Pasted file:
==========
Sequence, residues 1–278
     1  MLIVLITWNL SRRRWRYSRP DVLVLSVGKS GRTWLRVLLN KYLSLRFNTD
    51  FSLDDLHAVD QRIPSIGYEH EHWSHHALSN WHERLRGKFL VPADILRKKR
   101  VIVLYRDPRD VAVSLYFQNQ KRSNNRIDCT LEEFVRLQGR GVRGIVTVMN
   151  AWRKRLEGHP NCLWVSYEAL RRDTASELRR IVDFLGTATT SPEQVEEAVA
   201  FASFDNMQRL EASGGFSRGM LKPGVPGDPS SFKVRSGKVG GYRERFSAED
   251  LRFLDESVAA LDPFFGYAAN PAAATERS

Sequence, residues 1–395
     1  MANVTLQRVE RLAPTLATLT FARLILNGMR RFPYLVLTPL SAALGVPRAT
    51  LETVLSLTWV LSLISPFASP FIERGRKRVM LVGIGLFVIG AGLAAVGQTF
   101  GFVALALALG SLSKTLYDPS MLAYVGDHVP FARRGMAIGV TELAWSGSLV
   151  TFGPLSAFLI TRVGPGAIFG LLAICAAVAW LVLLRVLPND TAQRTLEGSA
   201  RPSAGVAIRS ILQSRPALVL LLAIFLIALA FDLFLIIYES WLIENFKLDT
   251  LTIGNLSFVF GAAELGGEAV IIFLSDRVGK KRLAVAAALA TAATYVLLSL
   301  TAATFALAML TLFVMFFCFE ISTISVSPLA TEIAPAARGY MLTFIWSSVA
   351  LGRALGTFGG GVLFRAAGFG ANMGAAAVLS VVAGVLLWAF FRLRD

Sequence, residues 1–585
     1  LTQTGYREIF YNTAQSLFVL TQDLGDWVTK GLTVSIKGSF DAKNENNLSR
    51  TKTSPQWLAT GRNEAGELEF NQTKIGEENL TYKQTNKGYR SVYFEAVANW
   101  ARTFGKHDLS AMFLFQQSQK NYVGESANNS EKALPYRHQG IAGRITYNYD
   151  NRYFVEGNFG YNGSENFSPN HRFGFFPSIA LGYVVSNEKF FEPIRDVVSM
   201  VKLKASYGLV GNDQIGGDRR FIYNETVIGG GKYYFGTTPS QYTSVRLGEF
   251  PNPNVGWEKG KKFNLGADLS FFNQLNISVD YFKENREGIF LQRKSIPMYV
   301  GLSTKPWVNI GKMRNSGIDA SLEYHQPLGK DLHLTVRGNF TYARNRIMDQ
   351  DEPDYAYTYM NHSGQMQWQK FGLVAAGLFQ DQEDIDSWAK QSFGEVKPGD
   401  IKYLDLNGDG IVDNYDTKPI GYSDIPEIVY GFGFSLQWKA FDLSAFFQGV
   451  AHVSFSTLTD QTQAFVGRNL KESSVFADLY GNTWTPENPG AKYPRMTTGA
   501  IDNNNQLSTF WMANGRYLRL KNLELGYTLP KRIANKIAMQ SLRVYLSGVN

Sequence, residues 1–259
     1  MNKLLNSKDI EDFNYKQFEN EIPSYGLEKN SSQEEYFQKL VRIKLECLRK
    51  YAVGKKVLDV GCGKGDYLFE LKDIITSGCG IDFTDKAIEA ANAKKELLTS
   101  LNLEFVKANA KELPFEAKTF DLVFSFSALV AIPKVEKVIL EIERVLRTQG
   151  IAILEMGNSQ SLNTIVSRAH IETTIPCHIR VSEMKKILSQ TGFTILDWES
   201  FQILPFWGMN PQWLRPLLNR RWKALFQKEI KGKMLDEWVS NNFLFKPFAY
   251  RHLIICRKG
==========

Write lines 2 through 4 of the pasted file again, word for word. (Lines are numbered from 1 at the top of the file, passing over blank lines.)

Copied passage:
     1  MLIVLITWNL SRRRWRYSRP DVLVLSVGKS GRTWLRVLLN KYLSLRFNTD
    51  FSLDDLHAVD QRIPSIGYEH EHWSHHALSN WHERLRGKFL VPADILRKKR
   101  VIVLYRDPRD VAVSLYFQNQ KRSNNRIDCT LEEFVRLQGR GVRGIVTVMN